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Russia: Police Raid Media-MOST Offices

  • Sophie Lambroschini

Masked tax police on Thursday barged into two offices of the Media-MOST holding, a group that includes some of Russia's most prominent broadcast and print news organizations, searching for documents. Journalists and management are accusing the Russian government of trying to silence voices of criticism.

Moscow, 12 May 2000 (RFE/RL) -- At around 9:00 on Thursday morning, armed men in fatigues and black masks stormed the offices of Media-MOST, the company that owns many of the Russian news organizations most critical of the Kremlin.

Some of the men wore the insignia of the Russian tax police. And FSB spokesman Aleksandr Zdanovich implied that FSB agents also participated in the raid when he told Echo of Moscow yesterday that the Prosecutor-General's office is allowed to use FSB agents in its investigations.

The Russian Prosecutor-General's Office said it was searching for documents as part of an investigation into possible criminal activities by Media-MOST's security service.

But Media-MOST officials say the raid is just the latest Kremlin attempts to clamp down on independent journalism.

Igor Malashenko is the deputy head of Media-MOST's board of directors. In an interview with RFE/RL's Russian Service, he called the raid an attempt to frighten the free press.

"We can do only one thing -- to speak as publicly and openly as possible about what is going on and to attract the attention of the most diverse political forces, both in Russia and abroad, because our country does not live in an isolated world. And the issue of Russia's attitude towards freedom of expression and freedom of the press is not a domestic problem concerning only our country."

Media-MOST, controlled by magnate Vladimir Gusinsky, owns several of Russia's more critical media outlets -- including NTV, Echo of Moscow radio, and the daily newspaper "Segodnya."

NTV, for example, repeatedly questions the official version of the war in Chechnya. Its satirical shows pique the Kremlin with biting humor. The weekly program "Kukly," starring caricatured puppets of Russia politicians, recently parodied President Vladimir Putin's harsh handling of issues like Chechnya and press freedom by portraying him as a surgeon brandishing a bloody chainsaw at his hapless patients.

Malashenko linked the raid to an investigation published by "Segodnya" last month. The newspaper accused the deputy head of the FSB (General Zaostrovtsev) of embezzling funds. Malashenko says the security forces are going after Media-MOST because they fear more compromising revelations, about even higher officials.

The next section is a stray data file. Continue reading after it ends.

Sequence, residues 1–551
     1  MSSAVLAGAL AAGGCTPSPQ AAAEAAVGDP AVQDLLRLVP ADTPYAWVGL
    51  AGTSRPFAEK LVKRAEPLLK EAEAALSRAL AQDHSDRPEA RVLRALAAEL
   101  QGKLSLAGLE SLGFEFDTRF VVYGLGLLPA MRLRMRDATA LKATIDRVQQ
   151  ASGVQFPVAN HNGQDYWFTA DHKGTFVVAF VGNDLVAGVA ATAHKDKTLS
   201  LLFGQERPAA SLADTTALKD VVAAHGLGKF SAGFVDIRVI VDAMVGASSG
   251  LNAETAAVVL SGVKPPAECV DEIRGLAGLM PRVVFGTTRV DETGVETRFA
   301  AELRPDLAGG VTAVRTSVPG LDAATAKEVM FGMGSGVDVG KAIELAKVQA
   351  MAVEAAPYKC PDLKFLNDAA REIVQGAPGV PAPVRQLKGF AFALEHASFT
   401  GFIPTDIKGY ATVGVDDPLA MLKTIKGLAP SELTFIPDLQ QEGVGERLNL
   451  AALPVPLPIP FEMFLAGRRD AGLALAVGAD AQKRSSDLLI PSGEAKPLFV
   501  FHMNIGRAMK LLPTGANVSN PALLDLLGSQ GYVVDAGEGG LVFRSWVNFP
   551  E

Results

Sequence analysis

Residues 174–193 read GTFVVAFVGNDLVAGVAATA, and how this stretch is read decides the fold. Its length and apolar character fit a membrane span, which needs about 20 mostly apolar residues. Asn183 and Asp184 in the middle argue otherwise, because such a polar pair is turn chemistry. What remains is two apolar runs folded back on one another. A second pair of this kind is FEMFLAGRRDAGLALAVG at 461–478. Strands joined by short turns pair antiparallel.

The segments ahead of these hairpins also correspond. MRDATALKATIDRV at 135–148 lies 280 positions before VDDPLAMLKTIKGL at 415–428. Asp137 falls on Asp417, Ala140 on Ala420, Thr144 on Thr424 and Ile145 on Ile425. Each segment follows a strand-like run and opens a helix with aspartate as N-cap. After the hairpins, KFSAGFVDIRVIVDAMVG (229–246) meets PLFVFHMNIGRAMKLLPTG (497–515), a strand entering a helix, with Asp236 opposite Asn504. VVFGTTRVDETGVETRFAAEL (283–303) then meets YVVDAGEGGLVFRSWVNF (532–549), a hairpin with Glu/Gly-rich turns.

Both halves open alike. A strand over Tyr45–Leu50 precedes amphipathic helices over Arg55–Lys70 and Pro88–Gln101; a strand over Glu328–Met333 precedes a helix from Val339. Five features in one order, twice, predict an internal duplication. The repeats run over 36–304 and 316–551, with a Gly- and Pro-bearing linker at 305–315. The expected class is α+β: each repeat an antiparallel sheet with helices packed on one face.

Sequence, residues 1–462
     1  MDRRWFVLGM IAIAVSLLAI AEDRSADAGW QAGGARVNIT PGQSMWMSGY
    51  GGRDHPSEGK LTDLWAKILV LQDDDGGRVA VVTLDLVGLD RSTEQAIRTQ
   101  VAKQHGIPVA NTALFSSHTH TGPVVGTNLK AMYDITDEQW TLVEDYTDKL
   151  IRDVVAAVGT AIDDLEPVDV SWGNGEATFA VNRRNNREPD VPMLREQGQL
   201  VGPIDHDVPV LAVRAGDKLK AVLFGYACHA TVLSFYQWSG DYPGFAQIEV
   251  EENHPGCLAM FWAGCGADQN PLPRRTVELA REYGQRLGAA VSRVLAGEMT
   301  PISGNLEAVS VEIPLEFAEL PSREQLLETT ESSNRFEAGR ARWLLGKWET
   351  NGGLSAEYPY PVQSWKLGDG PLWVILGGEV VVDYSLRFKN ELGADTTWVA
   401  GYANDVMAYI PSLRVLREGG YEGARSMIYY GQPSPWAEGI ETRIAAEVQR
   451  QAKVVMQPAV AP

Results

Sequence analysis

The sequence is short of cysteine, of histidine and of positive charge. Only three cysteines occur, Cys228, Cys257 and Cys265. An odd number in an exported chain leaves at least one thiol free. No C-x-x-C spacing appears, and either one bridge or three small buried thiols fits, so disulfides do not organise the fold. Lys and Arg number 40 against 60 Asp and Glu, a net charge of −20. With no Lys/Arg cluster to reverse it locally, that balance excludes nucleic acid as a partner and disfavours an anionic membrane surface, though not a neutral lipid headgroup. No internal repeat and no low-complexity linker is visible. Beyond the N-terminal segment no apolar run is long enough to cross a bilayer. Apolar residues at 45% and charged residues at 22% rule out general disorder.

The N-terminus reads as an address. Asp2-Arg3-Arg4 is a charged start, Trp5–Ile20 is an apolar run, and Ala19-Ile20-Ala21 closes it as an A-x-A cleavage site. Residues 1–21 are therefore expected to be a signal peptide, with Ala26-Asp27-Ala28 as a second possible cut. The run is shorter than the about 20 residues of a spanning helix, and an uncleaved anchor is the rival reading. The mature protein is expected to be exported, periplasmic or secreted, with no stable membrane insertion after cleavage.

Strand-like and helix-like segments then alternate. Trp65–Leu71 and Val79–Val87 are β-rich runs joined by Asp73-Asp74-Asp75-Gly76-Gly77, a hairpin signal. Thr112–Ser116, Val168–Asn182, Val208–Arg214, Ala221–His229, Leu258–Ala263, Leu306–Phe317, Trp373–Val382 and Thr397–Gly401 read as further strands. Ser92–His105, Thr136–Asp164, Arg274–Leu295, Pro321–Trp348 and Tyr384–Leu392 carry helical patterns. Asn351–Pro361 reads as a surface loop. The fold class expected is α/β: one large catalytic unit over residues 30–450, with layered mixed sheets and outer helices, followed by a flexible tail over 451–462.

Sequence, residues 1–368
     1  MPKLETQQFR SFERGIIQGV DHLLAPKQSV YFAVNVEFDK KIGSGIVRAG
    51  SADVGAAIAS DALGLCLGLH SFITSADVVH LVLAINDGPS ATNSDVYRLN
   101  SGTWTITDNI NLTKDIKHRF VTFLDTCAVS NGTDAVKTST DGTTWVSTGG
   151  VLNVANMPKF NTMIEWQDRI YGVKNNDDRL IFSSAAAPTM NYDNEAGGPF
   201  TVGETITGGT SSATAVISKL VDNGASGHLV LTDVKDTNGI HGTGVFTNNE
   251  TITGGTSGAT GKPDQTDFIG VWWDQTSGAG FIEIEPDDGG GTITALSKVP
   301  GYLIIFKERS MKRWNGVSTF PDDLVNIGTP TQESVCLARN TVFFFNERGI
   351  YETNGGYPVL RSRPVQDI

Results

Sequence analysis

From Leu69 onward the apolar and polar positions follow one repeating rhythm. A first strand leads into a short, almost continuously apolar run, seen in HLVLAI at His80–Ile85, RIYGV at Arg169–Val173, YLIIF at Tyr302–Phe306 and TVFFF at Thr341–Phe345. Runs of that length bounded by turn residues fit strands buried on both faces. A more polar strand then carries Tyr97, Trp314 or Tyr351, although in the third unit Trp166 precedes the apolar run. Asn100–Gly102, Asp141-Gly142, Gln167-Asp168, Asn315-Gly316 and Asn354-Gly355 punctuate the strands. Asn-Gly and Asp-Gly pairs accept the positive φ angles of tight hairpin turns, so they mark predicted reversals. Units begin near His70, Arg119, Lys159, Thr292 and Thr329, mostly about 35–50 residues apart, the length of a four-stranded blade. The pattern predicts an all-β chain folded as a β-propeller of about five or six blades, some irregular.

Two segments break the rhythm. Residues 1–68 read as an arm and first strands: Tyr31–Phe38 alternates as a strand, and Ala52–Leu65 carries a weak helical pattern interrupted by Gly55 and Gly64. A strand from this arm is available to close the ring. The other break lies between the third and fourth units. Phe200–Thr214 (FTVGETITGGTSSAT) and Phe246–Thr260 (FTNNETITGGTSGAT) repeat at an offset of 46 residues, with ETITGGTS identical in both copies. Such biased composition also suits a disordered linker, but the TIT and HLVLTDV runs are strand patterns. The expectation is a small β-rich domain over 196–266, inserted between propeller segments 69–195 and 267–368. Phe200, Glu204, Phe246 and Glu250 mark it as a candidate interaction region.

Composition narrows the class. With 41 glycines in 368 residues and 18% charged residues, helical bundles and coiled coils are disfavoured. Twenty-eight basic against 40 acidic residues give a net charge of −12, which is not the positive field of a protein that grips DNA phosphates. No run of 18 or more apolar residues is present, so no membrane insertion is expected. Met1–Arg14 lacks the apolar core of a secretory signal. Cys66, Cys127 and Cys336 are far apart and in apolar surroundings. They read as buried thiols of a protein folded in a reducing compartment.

"During the search, their task was to find any material on corruption in the higher state authorities, including security authorities, so that they can't be published by NTV, radio Echo of Moscow, or in 'Segodnya' newspaper. In the end, their task is to prevent Media-MOST outlets from working."

Malashenko charged that the initiative comes from the Kremlin.

"There is no doubt in my mind that this action is supported by certain high-placed officials in the Kremlin. The most important question is whether or not the highest state authority gave his sanction, I mean first and foremost President Putin."

Media-MOST, which owes almost 300 million dollars in unpaid debts, has come under financial pressure from other government-controlled entities over the past year, and some media analysts believe the group's news outlets have become somewhat less critical of the government. When one of its creditors, Veneshekonombank, suddenly foreclosed on it last year, the group accused the Kremlin of being behind the demand. Similar accusations flew again last week, when Gazprom, one of Media-MOST's shareholders, leaked information that Media-MOST had offered a "shares for debt" swap to repay more than 200 million dollars in debt guaranteed by the gas monopoly.

A Media-MOST spokesman Dmitry Ostalsky suggested that the Kremlin was trying to use Gazprom to exert political pressure on the media holding.

Russian authorities, however, deny that there is any political motive behind the raid. The Prosecutor-General's Office says it is investigating alleged violations of bank and business secrecy laws by Media-MOST's security service.

One of the main tasks of company security services in Russia is to collect intelligence on the competition. The Prosecutor-General's Office says Media-MOST's service may have used illegal listening devices.